Mayor Marion Barry yesterday vetoed 10 changes made by the D.C. City Council in its recent deliberations on the city budget for the 1981 fiscal year. If the council upholds the mayor's vetoes, it would add $601,000 to the version of the budget adopted by the council.
More than half the disputed items, totaling $342,000, involve cuts made by the council in the mayor's office and in related administrative offices. The reduction voted by the council would have reduced the number of employes in those offices by 11, including three from the mayor's office itself.
"The three positions" Barry said in a letter to the council, "are absolutely essential . . ."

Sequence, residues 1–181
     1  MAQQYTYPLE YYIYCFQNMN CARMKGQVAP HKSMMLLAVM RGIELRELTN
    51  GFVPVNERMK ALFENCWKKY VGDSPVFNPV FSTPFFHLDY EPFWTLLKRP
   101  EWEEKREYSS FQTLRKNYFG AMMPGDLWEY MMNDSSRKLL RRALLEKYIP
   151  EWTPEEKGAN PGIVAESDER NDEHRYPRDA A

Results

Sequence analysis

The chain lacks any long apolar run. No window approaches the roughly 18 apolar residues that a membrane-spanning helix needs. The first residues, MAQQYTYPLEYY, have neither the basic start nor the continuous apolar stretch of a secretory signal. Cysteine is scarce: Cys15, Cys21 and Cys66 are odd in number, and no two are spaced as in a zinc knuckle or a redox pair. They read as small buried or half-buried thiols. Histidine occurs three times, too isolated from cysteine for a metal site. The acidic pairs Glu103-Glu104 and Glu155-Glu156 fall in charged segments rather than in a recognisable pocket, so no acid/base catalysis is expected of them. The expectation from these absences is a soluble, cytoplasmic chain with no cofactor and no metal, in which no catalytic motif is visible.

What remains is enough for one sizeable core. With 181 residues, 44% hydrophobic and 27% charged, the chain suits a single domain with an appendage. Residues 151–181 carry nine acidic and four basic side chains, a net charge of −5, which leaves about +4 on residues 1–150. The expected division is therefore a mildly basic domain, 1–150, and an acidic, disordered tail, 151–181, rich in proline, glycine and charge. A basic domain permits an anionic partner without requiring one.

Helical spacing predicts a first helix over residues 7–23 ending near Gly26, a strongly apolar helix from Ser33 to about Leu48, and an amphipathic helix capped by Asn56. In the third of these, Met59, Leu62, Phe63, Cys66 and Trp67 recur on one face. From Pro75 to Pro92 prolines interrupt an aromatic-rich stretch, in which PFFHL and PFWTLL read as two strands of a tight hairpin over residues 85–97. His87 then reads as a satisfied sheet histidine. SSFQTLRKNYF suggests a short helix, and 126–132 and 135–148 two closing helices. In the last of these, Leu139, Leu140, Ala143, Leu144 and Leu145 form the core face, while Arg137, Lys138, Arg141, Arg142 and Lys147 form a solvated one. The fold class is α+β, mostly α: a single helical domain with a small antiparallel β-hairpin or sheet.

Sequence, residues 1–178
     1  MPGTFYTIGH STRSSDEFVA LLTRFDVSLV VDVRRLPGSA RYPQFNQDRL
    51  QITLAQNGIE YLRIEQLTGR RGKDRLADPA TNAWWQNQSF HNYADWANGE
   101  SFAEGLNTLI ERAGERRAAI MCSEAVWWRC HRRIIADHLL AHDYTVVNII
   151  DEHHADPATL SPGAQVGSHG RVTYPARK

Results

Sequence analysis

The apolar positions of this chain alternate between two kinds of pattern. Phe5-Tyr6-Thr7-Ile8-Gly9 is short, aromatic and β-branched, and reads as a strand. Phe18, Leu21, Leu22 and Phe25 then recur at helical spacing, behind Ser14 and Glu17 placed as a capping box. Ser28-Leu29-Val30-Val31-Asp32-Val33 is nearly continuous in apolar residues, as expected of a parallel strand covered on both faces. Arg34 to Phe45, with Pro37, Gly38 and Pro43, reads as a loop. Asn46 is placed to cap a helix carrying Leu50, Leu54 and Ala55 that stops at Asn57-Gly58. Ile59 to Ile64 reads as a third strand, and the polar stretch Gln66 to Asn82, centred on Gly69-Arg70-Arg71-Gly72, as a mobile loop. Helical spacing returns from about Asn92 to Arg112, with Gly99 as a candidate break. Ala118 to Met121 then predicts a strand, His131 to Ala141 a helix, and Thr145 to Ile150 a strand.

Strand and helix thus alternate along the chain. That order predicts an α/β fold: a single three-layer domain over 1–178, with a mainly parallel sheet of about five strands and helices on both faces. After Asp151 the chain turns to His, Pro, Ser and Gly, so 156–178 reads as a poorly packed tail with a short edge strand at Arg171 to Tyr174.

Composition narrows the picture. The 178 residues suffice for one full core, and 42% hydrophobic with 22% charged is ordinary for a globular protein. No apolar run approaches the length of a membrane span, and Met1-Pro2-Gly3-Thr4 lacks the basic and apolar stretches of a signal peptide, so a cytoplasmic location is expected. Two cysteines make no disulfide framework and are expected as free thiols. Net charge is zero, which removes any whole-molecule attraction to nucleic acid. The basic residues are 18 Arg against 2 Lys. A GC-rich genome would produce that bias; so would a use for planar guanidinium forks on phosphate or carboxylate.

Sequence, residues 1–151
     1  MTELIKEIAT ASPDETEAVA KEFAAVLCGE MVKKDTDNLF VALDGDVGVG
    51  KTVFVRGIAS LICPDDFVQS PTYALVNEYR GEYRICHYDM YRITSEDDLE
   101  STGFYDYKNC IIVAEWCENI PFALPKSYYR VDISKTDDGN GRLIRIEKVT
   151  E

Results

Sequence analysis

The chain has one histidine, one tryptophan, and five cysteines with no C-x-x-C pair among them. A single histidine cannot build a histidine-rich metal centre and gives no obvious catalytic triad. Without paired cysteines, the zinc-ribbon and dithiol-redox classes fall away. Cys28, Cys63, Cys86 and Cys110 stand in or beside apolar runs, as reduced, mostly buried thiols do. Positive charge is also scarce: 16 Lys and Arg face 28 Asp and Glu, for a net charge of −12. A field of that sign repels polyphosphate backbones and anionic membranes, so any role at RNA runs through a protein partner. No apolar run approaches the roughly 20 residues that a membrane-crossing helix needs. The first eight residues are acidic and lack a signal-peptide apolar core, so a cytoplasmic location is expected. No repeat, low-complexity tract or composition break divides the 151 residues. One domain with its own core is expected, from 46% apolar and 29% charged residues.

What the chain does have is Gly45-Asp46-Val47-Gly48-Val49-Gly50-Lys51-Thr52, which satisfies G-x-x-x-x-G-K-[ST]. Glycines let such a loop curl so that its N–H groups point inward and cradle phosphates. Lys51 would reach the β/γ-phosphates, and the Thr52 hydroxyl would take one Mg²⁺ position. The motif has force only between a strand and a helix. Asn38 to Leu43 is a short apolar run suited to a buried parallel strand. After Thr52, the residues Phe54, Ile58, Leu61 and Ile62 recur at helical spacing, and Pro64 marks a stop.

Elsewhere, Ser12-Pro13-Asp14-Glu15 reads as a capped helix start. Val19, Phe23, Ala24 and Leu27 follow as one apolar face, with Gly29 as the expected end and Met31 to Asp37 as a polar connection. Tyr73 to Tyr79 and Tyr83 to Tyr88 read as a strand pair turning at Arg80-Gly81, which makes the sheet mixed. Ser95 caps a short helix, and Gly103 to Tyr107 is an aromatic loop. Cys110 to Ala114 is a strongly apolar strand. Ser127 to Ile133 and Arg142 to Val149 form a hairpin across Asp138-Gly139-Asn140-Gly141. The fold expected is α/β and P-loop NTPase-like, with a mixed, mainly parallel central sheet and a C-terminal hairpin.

Barry noted that the vetoes were minimal and "demonstrate . . . willingness to compromise" in adopting the budget, which totals just above $1.5 billion.
The city's Home Rule Charter requires the mayor to submit the proposed annual budget to the council, which may take changes and, after its adoption, must return it to the mayor. The mayor is permitted to veto individual changes in the budget, and the council may vote to sustain or override each of these. A two-thirds majority is required to override a veto. The council will meet on the matter Wednesday.
The budget ultimately must be approved by Congress.